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the momentous issues of civil war; that they were friends and not enemies; and that, "though passion had strained, it must not break the bonds of their affections."

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But four years had changed all this, not excepting the President himself, at least his position and policy upon the great question of slavery and its abolishment. His "dissatisfied fellow-countrymen " had treated with contempt his conciliatory and loving words, and had fulfilled and more than fulfilled all their threats. Uncertainty had become certainty, apprehension had ripened into conviction, and events had shown the people that their most fearful forebodings were justified, that they were enemies and not friends, and that the bonds of affection had been broken. Not only had a single national vessel on the peaceful errand of bearing bread to a beleaguered garrison been fired upon, not only had one fort been reduced, but the whole naval and military force of the nation had been assaulted and resisted with marvellous energy and endurance. Slavery which the President had in his first message treated so forbearingly, whose claims he did not feel called upon to question, as with which he did not propose to interfere, had gone down amid and in consequence of the storms of war, and had been made by a constitutional amendment no longer possible. Absolved from obligations which he had hitherto accepted as among the compromises of the Constitution, confirmed and strengthened by subsequent legislation and the traditions of the past, having so signally failed in his earnest. and repeated efforts to conciliate those thus "dissatisfied," and being instructed by the stern teachings of Providence, the President was prepared, as never before, to discuss the questions at issue according to their intrinsic merits and the demands of those fundamental principles on which the government had been professedly based. Having become deeply impressed with the conviction that the Divine justice was an important if not a controlling factor of the great practical problem they were endeavoring to solve, he did not hesitate to summon Congress and the country to listen to teachings he had been constrained to accept, and to mark the existence and requirements of the "higher law." He pointed them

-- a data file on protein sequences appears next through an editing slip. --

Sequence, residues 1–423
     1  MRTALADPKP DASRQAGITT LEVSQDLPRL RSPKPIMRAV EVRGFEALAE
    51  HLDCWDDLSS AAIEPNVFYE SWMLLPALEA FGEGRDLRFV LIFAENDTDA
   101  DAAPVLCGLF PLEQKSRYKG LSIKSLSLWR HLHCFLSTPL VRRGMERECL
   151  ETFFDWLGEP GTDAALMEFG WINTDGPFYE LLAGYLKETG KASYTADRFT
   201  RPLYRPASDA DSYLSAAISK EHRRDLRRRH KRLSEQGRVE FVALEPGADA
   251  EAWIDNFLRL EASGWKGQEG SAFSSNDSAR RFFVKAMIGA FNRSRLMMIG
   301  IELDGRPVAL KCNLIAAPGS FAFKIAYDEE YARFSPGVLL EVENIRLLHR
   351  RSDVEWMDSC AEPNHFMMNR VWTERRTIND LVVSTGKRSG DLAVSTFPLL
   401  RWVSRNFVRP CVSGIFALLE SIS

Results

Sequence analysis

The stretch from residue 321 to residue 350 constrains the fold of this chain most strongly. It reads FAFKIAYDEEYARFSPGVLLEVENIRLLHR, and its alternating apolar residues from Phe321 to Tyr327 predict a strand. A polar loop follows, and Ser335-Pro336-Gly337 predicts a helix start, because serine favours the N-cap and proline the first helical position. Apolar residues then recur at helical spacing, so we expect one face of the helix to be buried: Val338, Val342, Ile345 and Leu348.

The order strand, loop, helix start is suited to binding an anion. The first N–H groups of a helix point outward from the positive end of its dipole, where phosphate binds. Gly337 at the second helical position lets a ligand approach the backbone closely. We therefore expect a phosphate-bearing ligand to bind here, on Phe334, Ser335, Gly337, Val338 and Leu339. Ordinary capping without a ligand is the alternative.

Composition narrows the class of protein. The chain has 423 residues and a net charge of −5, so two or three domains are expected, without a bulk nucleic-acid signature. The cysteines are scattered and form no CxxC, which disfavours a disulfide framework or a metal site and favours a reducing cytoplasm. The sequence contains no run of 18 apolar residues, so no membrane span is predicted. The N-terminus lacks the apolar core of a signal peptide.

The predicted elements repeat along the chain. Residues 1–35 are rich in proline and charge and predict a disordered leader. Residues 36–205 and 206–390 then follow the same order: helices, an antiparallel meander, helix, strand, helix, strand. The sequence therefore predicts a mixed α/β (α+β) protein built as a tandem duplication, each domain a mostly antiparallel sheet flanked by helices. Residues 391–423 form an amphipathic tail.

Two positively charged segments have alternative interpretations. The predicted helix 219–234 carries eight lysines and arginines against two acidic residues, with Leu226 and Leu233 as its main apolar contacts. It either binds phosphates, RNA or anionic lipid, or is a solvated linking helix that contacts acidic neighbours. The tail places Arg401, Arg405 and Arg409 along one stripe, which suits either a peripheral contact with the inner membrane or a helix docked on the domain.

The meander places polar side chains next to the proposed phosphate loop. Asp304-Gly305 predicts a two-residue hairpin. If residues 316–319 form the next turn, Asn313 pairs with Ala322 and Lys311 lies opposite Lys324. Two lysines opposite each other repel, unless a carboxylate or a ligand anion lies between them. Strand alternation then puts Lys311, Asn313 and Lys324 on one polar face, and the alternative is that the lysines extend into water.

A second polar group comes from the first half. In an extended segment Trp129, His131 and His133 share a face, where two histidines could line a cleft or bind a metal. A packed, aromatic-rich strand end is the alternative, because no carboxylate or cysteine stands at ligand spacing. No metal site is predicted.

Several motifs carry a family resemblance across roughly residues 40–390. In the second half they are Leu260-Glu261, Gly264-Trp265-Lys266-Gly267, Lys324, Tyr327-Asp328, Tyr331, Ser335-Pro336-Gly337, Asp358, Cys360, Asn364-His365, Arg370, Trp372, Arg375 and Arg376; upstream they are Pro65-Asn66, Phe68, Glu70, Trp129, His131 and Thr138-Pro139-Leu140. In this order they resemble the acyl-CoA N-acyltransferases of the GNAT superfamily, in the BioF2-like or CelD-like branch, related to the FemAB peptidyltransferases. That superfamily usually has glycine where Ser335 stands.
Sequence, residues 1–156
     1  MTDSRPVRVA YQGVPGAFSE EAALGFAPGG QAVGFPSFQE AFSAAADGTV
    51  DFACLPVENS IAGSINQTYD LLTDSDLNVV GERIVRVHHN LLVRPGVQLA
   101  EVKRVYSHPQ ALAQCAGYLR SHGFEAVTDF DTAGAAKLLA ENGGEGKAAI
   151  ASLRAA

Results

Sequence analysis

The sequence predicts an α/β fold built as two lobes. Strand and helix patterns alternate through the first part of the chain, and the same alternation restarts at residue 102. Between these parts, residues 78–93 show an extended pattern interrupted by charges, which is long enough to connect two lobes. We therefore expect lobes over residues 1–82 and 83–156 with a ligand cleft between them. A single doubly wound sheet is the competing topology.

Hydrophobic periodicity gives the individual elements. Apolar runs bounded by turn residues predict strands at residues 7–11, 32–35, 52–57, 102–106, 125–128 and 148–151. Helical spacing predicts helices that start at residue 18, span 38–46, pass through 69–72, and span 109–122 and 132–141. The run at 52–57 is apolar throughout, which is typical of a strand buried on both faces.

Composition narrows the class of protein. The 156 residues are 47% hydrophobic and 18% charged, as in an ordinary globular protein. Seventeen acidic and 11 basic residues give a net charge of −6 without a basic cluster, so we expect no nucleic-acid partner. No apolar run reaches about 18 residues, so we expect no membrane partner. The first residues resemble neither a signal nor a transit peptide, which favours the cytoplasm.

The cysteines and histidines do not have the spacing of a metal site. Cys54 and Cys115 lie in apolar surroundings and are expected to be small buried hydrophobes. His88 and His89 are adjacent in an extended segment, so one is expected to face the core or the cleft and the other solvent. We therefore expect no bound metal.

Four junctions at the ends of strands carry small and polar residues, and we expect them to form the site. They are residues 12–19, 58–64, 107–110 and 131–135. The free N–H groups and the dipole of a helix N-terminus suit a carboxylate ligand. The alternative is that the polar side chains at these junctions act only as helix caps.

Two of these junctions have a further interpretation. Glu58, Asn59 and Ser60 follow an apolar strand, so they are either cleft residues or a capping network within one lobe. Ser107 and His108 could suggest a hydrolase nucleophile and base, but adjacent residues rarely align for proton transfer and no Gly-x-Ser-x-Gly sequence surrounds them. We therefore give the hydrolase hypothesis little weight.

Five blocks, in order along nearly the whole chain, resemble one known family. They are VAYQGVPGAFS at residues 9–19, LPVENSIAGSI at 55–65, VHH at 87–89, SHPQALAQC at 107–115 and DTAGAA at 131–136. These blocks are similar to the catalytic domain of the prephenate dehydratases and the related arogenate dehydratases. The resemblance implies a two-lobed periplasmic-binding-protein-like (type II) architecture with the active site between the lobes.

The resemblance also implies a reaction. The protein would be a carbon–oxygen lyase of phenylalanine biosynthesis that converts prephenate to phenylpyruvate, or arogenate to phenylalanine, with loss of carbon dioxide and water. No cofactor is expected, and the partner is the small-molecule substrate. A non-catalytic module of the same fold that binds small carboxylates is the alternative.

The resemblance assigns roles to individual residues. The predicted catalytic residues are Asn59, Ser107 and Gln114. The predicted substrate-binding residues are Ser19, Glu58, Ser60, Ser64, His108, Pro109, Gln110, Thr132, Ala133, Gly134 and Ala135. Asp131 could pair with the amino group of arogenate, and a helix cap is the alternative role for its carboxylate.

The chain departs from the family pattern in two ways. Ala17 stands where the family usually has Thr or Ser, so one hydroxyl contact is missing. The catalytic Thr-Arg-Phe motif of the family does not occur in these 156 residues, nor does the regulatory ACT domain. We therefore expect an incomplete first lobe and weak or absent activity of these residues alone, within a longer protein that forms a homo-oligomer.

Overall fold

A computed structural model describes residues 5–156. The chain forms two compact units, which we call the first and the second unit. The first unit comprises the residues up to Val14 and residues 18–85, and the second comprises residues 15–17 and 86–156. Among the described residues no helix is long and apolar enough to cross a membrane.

to their relations to God's government, expressed his fear of its righteous retributions, and avowed the conviction that there was little hope of any abiding peace, except through a national recognition of human rights and their correlative but long-disregarded obligations.